What did the students think? Feedback from our trial participants

Maija Koponen & Kim Hall, King’s College London |

When talking about our project, we’re often asked how students felt about our frequent nudging – and all the text messages sent. Over the course of the KCLxBIT project we ran 5 large scale text message trials, one of which alone involved texting students 4 times within a few weeks’ time. During the Welcome Fair trial we texted students 3 times within just 6 days. Students’ views have been a core theme of the project, so naturally we were keen to find out how students felt about our novel approaches.

Opt-outs

At the beginning of the 2nd year of the project students were offered a chance to opt out of all our seven RCTs – the King’s Community Ambassador phone calls, the What I Wish I’d Known programme and the text message trials (which were sent in the name of the ‘King’s Tips’ service). Only 12 students chose to opt out of King’s Tips – out of the over 4000 involved in the trials – and no one opted out from What I Wish I’d Known. For King’s Community Ambassadors, students were texted 48 hours before the calls to notify them of the nature of the call and to give them the opportunity to opt out. In addition to the text, students could also opt out of the scheme upon receiving the call. In total, out of the 1000 students involved 17 opted out upon receiving the text message and 36 opted out upon receiving the phone call.

First year feedback

At the end of the first pilot year we carried out facilitated telephone interviews with 20 students who had received one of our very first interventions. Whilst some students did comment that the texts they had received had not been particularly useful to them, they remained open to the experience of receiving texts: just over 64% of students said they had found the experience useful, but over 70% agreed that they would opt into receiving text messages again in the future.  One of the respondents noted that the exam texts had been particularly helpful, whilst another reported they enjoyed the experience of the university being in touch during revision over Christmas.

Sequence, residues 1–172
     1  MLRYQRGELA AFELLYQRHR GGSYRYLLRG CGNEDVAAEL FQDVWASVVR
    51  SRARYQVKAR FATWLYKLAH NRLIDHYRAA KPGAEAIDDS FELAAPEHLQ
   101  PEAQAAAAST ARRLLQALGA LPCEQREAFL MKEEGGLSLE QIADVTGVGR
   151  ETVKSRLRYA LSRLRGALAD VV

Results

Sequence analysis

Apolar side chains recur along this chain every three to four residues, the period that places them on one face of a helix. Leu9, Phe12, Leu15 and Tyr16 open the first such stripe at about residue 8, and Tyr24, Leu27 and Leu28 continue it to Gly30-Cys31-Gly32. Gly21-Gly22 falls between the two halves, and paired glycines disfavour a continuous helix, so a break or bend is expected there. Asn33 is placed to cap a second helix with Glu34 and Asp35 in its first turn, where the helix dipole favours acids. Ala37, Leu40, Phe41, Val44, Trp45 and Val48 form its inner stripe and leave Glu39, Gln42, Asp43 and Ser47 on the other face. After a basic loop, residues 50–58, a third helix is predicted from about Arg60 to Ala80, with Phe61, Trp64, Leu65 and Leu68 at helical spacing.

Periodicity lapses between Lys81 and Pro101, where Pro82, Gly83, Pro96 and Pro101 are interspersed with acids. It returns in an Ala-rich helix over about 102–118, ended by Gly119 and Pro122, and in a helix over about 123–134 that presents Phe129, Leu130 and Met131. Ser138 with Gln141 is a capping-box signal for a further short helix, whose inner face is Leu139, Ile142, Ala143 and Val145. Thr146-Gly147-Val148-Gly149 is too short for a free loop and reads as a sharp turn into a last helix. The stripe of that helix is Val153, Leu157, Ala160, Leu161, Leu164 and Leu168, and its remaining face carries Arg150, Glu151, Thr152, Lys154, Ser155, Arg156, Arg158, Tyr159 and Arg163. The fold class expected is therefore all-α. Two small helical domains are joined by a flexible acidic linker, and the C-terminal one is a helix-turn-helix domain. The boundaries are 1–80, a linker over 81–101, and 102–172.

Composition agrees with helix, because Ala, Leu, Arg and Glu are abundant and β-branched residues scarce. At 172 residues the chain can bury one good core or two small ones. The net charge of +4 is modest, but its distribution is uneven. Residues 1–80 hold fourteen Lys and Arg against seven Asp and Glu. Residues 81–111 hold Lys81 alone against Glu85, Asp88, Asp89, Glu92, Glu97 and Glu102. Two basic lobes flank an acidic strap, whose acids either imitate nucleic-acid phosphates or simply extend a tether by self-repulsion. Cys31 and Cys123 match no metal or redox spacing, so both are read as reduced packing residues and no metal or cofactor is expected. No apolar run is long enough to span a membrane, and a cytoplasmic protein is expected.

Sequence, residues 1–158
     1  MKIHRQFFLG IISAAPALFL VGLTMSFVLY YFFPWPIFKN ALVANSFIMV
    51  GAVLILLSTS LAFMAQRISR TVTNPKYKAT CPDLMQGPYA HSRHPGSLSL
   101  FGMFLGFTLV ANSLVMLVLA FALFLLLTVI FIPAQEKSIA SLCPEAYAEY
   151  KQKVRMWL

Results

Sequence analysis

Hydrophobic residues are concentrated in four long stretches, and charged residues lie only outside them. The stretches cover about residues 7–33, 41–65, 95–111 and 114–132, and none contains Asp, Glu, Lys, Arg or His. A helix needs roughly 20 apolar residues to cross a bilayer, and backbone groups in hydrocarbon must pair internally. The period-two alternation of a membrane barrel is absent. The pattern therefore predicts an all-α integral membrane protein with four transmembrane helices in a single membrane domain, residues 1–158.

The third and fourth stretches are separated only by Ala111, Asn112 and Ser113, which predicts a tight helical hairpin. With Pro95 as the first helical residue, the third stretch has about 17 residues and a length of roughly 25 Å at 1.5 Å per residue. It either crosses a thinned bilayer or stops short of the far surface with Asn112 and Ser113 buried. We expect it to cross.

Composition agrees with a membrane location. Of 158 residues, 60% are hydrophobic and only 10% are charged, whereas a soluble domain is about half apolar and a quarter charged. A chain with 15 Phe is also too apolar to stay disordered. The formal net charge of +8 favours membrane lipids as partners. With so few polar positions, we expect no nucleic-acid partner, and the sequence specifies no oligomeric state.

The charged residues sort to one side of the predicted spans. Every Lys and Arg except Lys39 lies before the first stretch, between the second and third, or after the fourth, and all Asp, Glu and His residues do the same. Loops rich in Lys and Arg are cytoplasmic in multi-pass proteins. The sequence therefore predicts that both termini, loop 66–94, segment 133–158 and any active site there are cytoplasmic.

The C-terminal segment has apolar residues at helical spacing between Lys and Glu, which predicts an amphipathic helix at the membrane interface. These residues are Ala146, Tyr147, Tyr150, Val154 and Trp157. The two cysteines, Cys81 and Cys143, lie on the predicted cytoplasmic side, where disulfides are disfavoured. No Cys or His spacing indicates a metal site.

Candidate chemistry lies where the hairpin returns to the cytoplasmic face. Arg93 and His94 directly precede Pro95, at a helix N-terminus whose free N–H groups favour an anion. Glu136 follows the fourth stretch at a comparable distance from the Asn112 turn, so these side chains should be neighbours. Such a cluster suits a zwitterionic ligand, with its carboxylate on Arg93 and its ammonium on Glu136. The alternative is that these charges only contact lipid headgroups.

What I Wish I’d Known programme

At the end of the What I Wish I’d Known programme, we carried out a feedback survey with 80 students who had taken part in the programme. 65% responded neutral, agree or strongly agree to the question whether they would opt in to receive text messages and e-mails from the programme in the future (15% neutral, 30% agree, 20% strongly agree). A key piece of information from this feedback was that students did not mind being contacted by us by texts and e-mails. Text messages were particularly popular, and many students reported they were useful for their concise information and accessibility – especially for students who stated they were not in the habit of using their King’s inbox. 72.5% said the number of messages they received during the programme was “just right”, with an additional 16.3% stating they would have liked to receive more messages.